I just got back from the Ontario History and Social Science Teacher's Association annual conference that took place this weekend in Toronto. I was a great chance to see what kinds of projects people are working on, and lots of online material. There was also a great presentation about the work being done by the Critical Thinking Consortium, more on that later.
I was really interested to see how interested teachers were in primary sources online. I attended a workshop from John Myers, OISE, and Lisa Singer from the Ontario Archives. They have a new website that they have just launched that puts together lesson plans and primary sources. It's fun stuff and I think it really ties well with the idea of teaching about what historians do. You can check it out here.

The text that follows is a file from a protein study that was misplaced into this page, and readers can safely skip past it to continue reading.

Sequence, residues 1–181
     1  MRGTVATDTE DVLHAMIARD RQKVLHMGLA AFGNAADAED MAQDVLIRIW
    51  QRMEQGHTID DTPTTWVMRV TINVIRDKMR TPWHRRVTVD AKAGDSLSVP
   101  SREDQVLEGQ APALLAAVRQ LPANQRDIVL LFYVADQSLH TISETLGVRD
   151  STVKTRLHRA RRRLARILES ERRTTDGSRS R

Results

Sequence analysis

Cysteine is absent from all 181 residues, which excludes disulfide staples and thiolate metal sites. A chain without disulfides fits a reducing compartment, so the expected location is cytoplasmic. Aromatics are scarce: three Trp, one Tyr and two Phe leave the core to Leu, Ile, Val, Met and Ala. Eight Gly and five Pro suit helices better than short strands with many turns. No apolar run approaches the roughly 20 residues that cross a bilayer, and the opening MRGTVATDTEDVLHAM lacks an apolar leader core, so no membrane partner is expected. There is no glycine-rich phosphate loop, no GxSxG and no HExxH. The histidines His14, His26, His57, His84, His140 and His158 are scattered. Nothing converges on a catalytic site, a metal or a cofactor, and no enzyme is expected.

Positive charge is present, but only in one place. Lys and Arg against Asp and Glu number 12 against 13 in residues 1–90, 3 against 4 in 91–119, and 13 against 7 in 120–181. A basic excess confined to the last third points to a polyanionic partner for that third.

One of the teachers asked how they would find information to cut through the multitude of primary source websites that are now being produced. Thus I've created a new list of the best primary source websites on the net. The list will keep growing so check it out often.
It's funny though, after all of these cool projects I realized that there is less out there for teachers interested in teaching students how to create their own digital projects. This is a big focus of my own work with the History Society newsletters. It's a creative place on the web, and as I have said before, there is no reason why science should have first dibs on technology.